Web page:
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Back to school

30 Sep 2016

Back to school

The Being ManKind mission revolves around the central principle that for every book we sell, another copy is donated to a school or youth organisation. With the launch event feeling like a distant memory, the next major task has been to plan the best way of getting the stories read and discussed by young people. For schools, we began with the traditional approach of developing educational lesson plans to accompany the books that will be donated. Each session uses a story from the book to focus on an important topic – e.g. mental health, identity, body image – and form a structured discussion around the issues raised, with suggestions for activities to extend the learning. We aim for these sessions to take place during PSHE (Personal, Social and Health Education) classes. Currently, this is a non-statutory subject, and while the national curriculum states that all schools ‘should make provision for PSHE’, the delivery varies widely. We hope that we can help bring these essential topics to the forefront.  

Last week, we met with Jashu Vekaria (Deputy Head, Uxendon Manor Primary School), who will be working with us to develop and pilot Being ManKind educational plans for Year 6 students as they transition to secondary school. We are also incredibly fortunate to have on board Sarah Murray from Parmiter’s School, and Gemma Curtis from Diversity Role Models to aid the development of plans for older students (aged 11 to 16 years), which are due to be piloted early next year. Once the plans have been finalised, they will be available to download from our website for all to access.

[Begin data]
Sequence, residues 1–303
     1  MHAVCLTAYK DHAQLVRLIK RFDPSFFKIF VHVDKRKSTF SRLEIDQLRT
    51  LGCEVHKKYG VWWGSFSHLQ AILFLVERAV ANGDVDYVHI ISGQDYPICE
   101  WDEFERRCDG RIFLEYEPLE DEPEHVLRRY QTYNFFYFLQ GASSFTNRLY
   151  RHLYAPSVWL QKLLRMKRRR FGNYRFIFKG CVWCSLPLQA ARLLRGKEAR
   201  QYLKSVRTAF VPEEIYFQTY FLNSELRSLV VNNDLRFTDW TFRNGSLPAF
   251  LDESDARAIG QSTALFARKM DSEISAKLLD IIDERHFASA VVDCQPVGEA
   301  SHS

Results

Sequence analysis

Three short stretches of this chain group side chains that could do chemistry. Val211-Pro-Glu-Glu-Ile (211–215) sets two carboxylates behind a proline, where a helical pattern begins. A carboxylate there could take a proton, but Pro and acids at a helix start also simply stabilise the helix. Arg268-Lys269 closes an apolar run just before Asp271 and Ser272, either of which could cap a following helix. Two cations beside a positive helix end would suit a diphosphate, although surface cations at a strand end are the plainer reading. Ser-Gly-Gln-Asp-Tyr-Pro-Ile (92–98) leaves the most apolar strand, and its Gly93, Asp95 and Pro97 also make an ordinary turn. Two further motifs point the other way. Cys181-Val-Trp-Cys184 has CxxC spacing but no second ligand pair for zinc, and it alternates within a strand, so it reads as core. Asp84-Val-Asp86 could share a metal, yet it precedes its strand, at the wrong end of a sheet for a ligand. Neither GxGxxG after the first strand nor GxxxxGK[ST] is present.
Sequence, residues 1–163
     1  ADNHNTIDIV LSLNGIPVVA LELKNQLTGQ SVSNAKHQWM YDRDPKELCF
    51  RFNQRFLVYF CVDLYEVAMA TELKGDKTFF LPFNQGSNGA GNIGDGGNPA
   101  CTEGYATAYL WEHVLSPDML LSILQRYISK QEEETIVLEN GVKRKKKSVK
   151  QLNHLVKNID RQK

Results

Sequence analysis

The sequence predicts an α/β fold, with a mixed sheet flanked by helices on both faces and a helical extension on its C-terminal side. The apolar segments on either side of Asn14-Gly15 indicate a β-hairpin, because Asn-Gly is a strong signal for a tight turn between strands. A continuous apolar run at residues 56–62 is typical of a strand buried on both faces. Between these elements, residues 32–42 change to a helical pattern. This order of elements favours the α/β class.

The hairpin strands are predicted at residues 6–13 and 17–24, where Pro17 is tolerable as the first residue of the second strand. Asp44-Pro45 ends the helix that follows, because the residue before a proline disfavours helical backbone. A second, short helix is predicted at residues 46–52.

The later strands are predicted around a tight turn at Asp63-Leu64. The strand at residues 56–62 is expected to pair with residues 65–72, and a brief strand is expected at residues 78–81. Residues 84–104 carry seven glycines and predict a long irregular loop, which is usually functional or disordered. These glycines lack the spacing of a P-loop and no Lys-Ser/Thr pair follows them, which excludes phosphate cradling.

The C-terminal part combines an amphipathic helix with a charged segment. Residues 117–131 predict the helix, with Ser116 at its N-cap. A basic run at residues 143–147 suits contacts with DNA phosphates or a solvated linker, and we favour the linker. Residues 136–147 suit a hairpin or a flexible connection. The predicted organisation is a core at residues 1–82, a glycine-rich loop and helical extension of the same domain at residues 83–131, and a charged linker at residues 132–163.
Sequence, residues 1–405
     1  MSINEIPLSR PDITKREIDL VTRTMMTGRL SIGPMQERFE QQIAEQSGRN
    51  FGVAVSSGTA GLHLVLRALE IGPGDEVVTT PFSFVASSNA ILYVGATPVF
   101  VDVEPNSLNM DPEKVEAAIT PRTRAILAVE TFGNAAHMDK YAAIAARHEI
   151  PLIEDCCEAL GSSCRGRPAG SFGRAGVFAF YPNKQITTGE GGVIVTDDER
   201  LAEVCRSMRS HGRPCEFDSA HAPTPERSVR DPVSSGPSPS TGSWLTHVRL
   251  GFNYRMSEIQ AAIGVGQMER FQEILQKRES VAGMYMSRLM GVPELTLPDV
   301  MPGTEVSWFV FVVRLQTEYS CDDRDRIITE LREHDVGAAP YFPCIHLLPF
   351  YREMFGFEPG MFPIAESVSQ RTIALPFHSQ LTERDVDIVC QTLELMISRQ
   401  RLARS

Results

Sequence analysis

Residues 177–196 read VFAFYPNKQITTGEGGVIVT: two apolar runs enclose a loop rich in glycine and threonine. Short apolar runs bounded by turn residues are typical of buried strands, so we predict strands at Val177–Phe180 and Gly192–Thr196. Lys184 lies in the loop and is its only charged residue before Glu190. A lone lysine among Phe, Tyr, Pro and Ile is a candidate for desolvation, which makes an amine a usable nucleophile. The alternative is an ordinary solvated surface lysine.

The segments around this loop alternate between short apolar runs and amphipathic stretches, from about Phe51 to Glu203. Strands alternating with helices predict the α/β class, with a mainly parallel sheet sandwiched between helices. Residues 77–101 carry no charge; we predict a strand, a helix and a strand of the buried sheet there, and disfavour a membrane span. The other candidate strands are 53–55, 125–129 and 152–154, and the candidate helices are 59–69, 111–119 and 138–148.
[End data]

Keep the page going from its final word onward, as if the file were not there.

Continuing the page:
In parallel with lesson plan development, we have continued to make connections with inspiring individuals who are doing incredible work for the benefit of young people around the UK. We are truly excited to grow our community of support, and welcome among others Jonny Benjamin (Finding Mike: The Stranger on the Bridge), Steve Mallen (The MindEd Trust), and Tracy Heard (Men’s Health Forum). While we are holding off on book donations until the lesson plans have been piloted, books have already been posted to other organisations who run sessions with young people and we look forward to hearing their feedback in due course.

We have also been racking our brains to find the best way of determining how Being ManKind stories are being received by our readers. We have been in full creative flow and have proposed to include a feedback page on our website where readers can write and submit their personal response to each story writer. The respondent can choose to remain anonymous, and also indicate if they are happy for their response to be published online. Using this approach, the writers will learn how their story has influenced readers, while the readers themselves can benefit from sharing their own experiences. This idea will also be suggested as a self-reflection exercise for students to undertake at the end of each Being ManKind session. Session leaders will remind students that their writing will not be marked, and their response can be anything from a few words on their immediate reaction to the story, to a whole essay inspired by the material. We will have this page up and running before Christmas, so get ready to start writing and submit your response to your favourite story.

In the coming weeks, we are building our campaign to raise funds through Kickstarter. Having built up a network of support for Being ManKind, we will be calling on our friends and colleagues to use their social media streams to spread our campaign far and wide. We want to keep building on what we have achieved by growing the team, creating a digital platform to more effectively reach young people, and continue to collate stories for the next volume! We will keep you updated on the kick off date and progress with our campaign soon.

Thank you to the Being ManKind community for the pledge of support for the Kickstarter, and a massive congratulations to Jashu Vekaria who has recently been awarded the Pearson Award for Teacher of the Year in a primary school (Uxendon Manor Primary school, Kenton).

The Being ManKind team

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